Cross-tuning in trad fiddle playing

Cross-tuning in trad fiddle playing

When I was in Dublin this summer, I visited the trad Irish Music archives, and was listening to Caoimhin O Raghallaigh’s albulm (not w/Mick O’Brien). In the linear notes, he mentioned playing the Foxhunters reel with a crossed tuned fiddle.
So my question is:
Is that because it sounds awesome to play w/your fiddle cross tuned, or is there some traditional significance to it?
Thanks a million!

Re: Cross-tuning in trad fiddle playing

I’ve never heard "cross-tuning" before, but I know what you mean. There’s a highbrow musical term - "scordatura" - so I suppose it must have been done in "art" music from time to time. It certainly crops up in most fiddle traditions and I don’t think it has any significance other than a desire to get certain effects.

Playing the Foxhunter’s Reel in A with the fiddle tuned AEAE is fun - I think most of today’s fiddlers would have got the trick from Patrick Kelly, who recorded it some 40 or 50 years ago. It makes it very easy to play the tune an octave down (most of it anyway) and get a lovely ringing effect off the resonating strings.

In the Québécois tradition there are tunes like "Le reel du pendu" (the hanged man’s reel) where the fiddle is tuned to AEAC# if I remember right, which gives a very particular sound, and I’ve heard a Texas fiddler who had his fiddle tune DDAE (the G string tuned down to a low D for droning). I’m sure there are many other examples - maybe other posters can give some.

Re: Cross-tuning in trad fiddle playing

It’s very common in the Shetland tradition but I must admit that I hate re-tuning my fiddle and I find it a bit disorientating playing because the sound I am hearing is not what I expect from the finger position!! And re-tuning is not as easy as on machine head instruments such as guitars - I hate disturbing strings that have settled.

Re: Cross-tuning in trad fiddle playing

I’m pleased to say that a CD of Patrick Kelly’s playing is now available at last, having been launched at the Willie Clancy week. The CD includes his setting of the "Foxhunters". Strongly recommended.

Padraig O’Keeffe also made similar changes to his tuning for certain tunes. For instance, he played the slow air "O’Rahilly’s Grave" using GDGD tuning - analagous to Kelly’s "Foxhunters" tuning. In another air called "The Old Man rocking the Cradle" he sometimes used the same tuning as the Texan fiddler Brother Steve referred to. (As a matter of interest, when playing this tune he also imitated the sound of the baby’s cry by muting the bridge of the fiddle with a large door key held between his teeth every now and again!).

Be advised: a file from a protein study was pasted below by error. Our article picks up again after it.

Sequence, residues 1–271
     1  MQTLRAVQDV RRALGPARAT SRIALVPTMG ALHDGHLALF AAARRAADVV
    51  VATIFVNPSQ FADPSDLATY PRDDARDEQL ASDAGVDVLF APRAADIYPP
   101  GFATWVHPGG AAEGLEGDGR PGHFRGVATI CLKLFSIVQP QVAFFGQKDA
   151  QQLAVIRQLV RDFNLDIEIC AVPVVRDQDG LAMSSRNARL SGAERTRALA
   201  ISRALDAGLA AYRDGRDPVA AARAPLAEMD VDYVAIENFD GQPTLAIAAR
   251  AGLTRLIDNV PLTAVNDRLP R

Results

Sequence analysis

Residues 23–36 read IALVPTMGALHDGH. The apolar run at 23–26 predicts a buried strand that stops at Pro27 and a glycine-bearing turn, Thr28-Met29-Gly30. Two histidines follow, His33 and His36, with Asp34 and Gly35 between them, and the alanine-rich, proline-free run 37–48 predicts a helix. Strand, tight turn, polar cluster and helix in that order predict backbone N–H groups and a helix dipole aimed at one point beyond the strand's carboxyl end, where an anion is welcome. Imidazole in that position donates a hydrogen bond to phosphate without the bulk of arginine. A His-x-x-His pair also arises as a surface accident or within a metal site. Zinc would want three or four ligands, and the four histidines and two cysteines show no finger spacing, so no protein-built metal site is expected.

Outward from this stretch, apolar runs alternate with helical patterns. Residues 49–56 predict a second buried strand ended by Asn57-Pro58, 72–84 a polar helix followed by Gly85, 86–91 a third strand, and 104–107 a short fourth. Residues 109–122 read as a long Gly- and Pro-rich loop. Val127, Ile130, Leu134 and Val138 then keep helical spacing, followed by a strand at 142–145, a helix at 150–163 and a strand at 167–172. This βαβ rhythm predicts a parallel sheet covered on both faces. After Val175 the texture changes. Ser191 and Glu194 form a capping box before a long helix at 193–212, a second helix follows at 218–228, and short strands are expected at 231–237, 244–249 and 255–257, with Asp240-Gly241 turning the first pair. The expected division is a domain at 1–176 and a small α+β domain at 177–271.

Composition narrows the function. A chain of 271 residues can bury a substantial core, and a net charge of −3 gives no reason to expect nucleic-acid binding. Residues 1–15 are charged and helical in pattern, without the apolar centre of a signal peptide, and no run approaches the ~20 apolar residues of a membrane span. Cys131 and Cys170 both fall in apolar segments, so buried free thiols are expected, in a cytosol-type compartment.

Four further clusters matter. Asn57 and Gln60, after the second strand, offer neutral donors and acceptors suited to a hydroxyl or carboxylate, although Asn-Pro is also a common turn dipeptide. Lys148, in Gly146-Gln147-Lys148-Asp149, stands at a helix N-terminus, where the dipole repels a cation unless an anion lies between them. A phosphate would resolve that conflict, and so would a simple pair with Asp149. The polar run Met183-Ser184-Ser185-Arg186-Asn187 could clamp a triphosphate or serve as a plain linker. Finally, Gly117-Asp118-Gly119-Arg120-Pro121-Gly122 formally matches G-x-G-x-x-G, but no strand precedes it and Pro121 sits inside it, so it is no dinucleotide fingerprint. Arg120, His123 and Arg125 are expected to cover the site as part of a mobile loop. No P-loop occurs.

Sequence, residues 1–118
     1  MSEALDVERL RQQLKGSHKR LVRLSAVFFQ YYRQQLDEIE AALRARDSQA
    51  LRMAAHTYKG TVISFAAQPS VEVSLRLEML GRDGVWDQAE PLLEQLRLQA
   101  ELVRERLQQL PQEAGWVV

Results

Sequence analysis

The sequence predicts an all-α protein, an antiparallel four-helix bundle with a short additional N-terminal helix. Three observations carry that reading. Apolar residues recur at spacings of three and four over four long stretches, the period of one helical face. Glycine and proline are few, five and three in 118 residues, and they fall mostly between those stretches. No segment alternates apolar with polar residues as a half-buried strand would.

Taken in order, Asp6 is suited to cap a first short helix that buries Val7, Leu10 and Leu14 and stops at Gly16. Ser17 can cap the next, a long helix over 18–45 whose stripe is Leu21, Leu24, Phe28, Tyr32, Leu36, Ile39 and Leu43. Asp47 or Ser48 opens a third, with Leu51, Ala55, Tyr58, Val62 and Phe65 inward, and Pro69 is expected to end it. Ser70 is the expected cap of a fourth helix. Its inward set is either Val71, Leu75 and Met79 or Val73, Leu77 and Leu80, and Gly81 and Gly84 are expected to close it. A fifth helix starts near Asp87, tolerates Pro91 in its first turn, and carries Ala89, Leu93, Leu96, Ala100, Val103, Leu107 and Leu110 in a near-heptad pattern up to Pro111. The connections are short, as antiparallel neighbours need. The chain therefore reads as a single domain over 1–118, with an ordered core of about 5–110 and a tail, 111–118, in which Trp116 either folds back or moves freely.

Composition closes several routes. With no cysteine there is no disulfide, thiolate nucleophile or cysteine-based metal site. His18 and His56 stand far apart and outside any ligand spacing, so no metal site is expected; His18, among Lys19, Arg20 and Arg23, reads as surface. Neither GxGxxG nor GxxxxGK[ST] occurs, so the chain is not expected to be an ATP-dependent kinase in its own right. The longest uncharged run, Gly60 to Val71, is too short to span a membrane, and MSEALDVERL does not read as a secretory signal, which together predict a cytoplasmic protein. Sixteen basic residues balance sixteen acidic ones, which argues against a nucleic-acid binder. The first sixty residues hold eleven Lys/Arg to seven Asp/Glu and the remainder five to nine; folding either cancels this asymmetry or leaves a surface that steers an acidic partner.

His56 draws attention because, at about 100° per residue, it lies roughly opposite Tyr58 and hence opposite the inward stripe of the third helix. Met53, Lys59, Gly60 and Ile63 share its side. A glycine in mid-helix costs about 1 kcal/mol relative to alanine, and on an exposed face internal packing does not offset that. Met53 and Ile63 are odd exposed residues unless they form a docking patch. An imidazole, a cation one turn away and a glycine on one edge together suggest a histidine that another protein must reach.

If you play fiddle I can recommend trying out other tunings such as GDGD for a while. It’s actually easier to get used to than you might suppose. There’s something rather mellow and plaintive in the sound of the fiddle’s top two strings being dropped, and tendency is for the instrument to ring more since in effect you now have sympathetic strings. Furthermore there are some interesting double-stops which now become practical. It’s no doubt for reasons such as these that Kelly et al would adopt this tuning from time to time.

What would be interesting to know is where Kelly and O’Keeffe got the idea from. I know that Kelly learnt fiddle from his father who in turn learnt from a travelling fiddle master from Kerry called George Whelan (which is why Kelly had Slides as part of his repertoire). It’s also true that O’Keeffe studied for a time in Dublin - might he have picked up the idea there? Or was there some other source?

Ed.

Re: Cross-tuning in trad fiddle playing

Tarrantella raises the good point of disturbing strings that have settled. Once new fiddle strings have been fitted and have settled (which usually takes a couple of days) then attempts at retuning by, for instance, dropping a string a tone or two will result in that string "remembering" its settled pitch and trying climb back up to it. In my experience, when I’ve had to do this on the cello (Bach’s 5th cello suite is a good example) it takes the string half an hour or more to settle in its new pitch.
If you’re doing this cross-tuning regularly and frequently there may be a case for having a second fiddle permanently cross-tuned.
Trevor

Re: Cross-tuning in trad fiddle playing

Old time fiddlers frequently keep a second crosstuned fiddle.

Re: Cross-tuning in trad fiddle playing

Here are some cross tunings for the fiddle.
GDAd
GDBd
D,DAd
A,DAe
E,EAe
E,EBe
B,EBe
A,AEc#
AE#Ac#

Re: Cross-tuning in trad fiddle playing

The last tuning should be
A,E#Ac#.

Re: Cross-tuning in trad fiddle playing

How would you tune to C#, anyone know?

Karl

Re: Cross-tuning in trad fiddle playing

If you’ve a good ear for intervals, then by ear. Otherwise, you could use a tuner. Or C# on another instrument, say, a piano.